n and then generation.

Helping new developers doesn't necessarily mean getting them to link with a shared library. E.g. at Thales e-Security we have that building block template that gives you a nice starting point for writing your business logic by injecting things inside. I would say think of Dependency Injection the Docker/habitus way.
Thanks Boran - both your and Tony's inputs are very useful!

I have been thinking over this problematic, and I am inclined to say
that much of the difficulty comes from the coupling of domains
themselves, not necessarily from the implementation. Actually, EdgeX
code somewhat resembles me as a monolith broken into different repos,
rather then independent set of microservices. And I think that much of
this impressions comes from the nature of these services - these are
not some distinct architectural blocks - like for example pub/sub
broker or database would be, or Redis kv store. When you have these
kind of services, independent and self-sufficient, with different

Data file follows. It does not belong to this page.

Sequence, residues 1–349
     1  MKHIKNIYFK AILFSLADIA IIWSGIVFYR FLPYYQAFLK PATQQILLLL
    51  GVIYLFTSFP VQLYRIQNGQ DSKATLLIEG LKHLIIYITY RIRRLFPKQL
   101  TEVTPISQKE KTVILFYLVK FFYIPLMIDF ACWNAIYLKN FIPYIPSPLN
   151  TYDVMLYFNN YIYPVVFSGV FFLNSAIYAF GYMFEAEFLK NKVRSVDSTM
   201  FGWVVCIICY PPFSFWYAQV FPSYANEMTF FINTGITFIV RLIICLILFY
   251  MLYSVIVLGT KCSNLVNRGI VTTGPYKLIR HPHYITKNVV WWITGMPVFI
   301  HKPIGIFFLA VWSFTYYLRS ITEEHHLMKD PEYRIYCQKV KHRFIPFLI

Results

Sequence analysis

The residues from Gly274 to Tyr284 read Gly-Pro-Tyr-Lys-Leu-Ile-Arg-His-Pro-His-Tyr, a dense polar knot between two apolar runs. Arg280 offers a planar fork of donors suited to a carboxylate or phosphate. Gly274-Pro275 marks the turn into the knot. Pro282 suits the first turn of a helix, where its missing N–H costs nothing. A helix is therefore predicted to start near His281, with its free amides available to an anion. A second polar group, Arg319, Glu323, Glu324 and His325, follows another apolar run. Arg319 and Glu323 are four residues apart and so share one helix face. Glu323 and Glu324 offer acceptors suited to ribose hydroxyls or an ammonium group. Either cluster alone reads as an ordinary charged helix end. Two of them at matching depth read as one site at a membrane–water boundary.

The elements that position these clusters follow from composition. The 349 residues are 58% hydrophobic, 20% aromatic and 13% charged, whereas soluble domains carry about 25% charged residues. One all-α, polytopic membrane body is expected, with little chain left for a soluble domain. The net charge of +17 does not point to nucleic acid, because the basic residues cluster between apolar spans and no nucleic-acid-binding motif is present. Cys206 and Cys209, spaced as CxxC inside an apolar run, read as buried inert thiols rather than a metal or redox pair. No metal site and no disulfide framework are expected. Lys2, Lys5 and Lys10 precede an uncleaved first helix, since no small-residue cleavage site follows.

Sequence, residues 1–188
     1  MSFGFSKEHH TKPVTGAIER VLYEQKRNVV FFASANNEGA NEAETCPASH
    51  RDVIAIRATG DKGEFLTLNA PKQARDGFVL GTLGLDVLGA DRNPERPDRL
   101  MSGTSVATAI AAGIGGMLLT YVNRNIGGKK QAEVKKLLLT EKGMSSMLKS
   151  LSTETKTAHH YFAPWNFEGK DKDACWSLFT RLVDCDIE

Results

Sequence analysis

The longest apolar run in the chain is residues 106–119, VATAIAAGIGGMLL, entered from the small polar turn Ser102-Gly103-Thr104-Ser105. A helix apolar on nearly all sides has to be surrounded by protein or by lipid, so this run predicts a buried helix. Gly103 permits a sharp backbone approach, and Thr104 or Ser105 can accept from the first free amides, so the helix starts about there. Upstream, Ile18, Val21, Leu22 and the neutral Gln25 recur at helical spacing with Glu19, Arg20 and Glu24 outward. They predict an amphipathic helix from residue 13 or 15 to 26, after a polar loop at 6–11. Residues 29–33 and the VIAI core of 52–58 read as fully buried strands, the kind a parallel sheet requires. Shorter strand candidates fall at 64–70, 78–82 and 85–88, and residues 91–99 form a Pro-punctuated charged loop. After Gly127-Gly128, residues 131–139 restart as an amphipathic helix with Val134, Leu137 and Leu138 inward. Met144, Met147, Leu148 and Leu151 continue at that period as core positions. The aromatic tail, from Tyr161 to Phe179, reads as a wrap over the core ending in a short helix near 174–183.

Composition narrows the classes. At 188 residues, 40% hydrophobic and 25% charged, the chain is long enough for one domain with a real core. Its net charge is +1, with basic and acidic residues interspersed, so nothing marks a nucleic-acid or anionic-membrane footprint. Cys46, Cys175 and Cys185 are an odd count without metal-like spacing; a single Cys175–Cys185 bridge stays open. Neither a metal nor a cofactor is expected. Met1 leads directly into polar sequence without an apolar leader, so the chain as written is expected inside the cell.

responsibilities and task in the system and different nature then it
is easy to see clear separations - each of them is run in a separate
container, etc, etc...

However, whole EdgeX system can logically run very well as a monolith
app, and even do we introduce some separation that seems visible -
like between layer that does the export services and the core layer -
still there is reuse of the logic and data - both of these layers work
on the same task practically and I think domain coupling comes from
this logic.

Having in mind this observation, I am not against sharing data models
between these microservices (some minor stuff can be duplicated, but
bigger dependencies would probably fit well in shared libs).

However, this also brings me back to one of my previous topics - monorepo :).

As I mentioned, having shared libs probably is not so bad in this
case, but having data models scattered over different repos can be